Test automation can be an effective piece of the QA strategy puzzle for any team looking to optimize their testing process. Done well, it can speed up software testing cycles, improve the efficiency of QA teams, and ultimately increase product quality. But contrary to popular belief, test automation is not a magical solution to achieving cheap, lightning-fast, effortless QA results.
In a poll survey conducted during our webinar on the cost of test automation, 58% of quality owners reported the cost of test automation to be significantly more expensive than initially forecasted. Rainforest CIO Derek Choy explained two major reasons that a team's test automation initiative can be pricier than they expected.
Many QA teams have the impression that automation is relatively low cost and efficient. But in practice, test automation can actually be quite expensive. Derek stressed that in order to forecast and evaluate the true cost of test automation, teams must take three cost areas into consideration: test writing costs, environment maintenance costs, and test maintenance costs. This final area -- automated test maintenance -- is often overlooked, but in the long run represents a large amount of the resources needed for test automation to stay effective.
“One thing people should not take lightly and forget, is the cost of maintaining automated tests.”
Automated tests require technical expertise to continually manage tests and the environments in which they run. Test automation experts are highly sought-after, and often demand competitive salaries. As a result, hiring out a team to continuously keep automated tests aligned with the code can be a significant expense.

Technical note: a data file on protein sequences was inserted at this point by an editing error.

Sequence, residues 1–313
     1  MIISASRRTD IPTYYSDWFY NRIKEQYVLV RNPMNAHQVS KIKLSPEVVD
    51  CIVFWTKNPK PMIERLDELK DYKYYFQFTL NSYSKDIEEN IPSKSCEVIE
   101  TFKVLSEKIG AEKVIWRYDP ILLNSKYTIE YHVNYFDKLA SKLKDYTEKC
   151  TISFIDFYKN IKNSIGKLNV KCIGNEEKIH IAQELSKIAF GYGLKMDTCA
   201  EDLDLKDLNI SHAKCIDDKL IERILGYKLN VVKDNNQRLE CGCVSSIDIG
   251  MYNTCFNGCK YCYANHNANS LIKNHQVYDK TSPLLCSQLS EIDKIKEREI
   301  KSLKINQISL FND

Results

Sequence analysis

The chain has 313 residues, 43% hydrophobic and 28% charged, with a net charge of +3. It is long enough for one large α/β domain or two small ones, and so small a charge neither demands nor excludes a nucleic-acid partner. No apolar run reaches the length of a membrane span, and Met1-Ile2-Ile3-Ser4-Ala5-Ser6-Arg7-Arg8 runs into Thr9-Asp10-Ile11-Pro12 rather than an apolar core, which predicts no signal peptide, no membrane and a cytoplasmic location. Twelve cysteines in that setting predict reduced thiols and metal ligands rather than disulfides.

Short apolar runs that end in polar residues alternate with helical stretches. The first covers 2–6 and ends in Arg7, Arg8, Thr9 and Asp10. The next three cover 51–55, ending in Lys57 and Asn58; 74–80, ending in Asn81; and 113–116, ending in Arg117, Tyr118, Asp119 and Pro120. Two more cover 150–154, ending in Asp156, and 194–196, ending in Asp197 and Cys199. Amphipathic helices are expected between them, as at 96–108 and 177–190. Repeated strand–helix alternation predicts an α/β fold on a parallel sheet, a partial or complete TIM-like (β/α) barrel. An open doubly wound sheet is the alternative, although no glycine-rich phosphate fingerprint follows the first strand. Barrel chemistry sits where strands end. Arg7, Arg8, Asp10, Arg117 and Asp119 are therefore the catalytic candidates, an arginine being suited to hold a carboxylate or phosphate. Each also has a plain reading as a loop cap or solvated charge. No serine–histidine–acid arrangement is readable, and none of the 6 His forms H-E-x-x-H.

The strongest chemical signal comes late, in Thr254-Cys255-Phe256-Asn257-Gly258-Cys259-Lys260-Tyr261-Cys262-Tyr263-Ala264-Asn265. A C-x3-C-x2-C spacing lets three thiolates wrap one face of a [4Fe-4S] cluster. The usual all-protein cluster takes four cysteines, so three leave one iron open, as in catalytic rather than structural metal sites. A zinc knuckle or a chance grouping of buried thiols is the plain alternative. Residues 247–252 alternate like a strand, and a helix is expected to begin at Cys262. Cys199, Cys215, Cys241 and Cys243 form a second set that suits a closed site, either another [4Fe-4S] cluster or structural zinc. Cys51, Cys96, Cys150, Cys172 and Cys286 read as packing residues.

Application feature changes are made sprint-over-sprint. When these changes are directly connected to automated tests, the tests can break. Additionally, when application changes are made to features that indirectly connect with automated tests, the tests can break. When evaluating the cost of incorporating automation into your QA strategy, it’s extremely important to consider how frequently automated tests will need updating to stay useful.
Along with the cost of technical talent to write and maintain automated tests and their environments, there’s also the cost of delaying new software releases. A robust automation strategy essentially creates an additional codebase that your team must maintain. This is especially problematic if you have developers maintaining your automation test suite, as the time they use to refactor broken automated tests is time they can't spend creating new features.
Triaging failed tests can also create delays. Automated tests can fail because there is a bug, but they can also fail because the test itself is broken. If your team is in the middle of launching a release and your automated tests fail, you're not likely to continue with the release until the source of the failure is identified, because there might be problems with software quality.
While test automation can be an excellent tool for QA teams to streamline testing, the cost of maintaining automated tests is not trivial. The key to realizing a high return on your investment in test automation is to determine which tests cases are a great fit for automation, and which are best suited for manual testing.
Listen on-demand to Crack The Automation Code: Create a Balanced Test Automation Strategy to learn the best tools and processes to complement your automation strategy.
With this practical guide, understand the difference between manual vs automated testing and when to use each method.
Follow these 5 steps to create an automated testing strategy that answers the who, what, when, why, and how of software test automation.
Testing the visual layer of your app is more reliable than testing the underlying code, especially for automated UI testing.
Learn how Signagelive built 500 tests in record time and dramatically sped up development cycles with automated tests.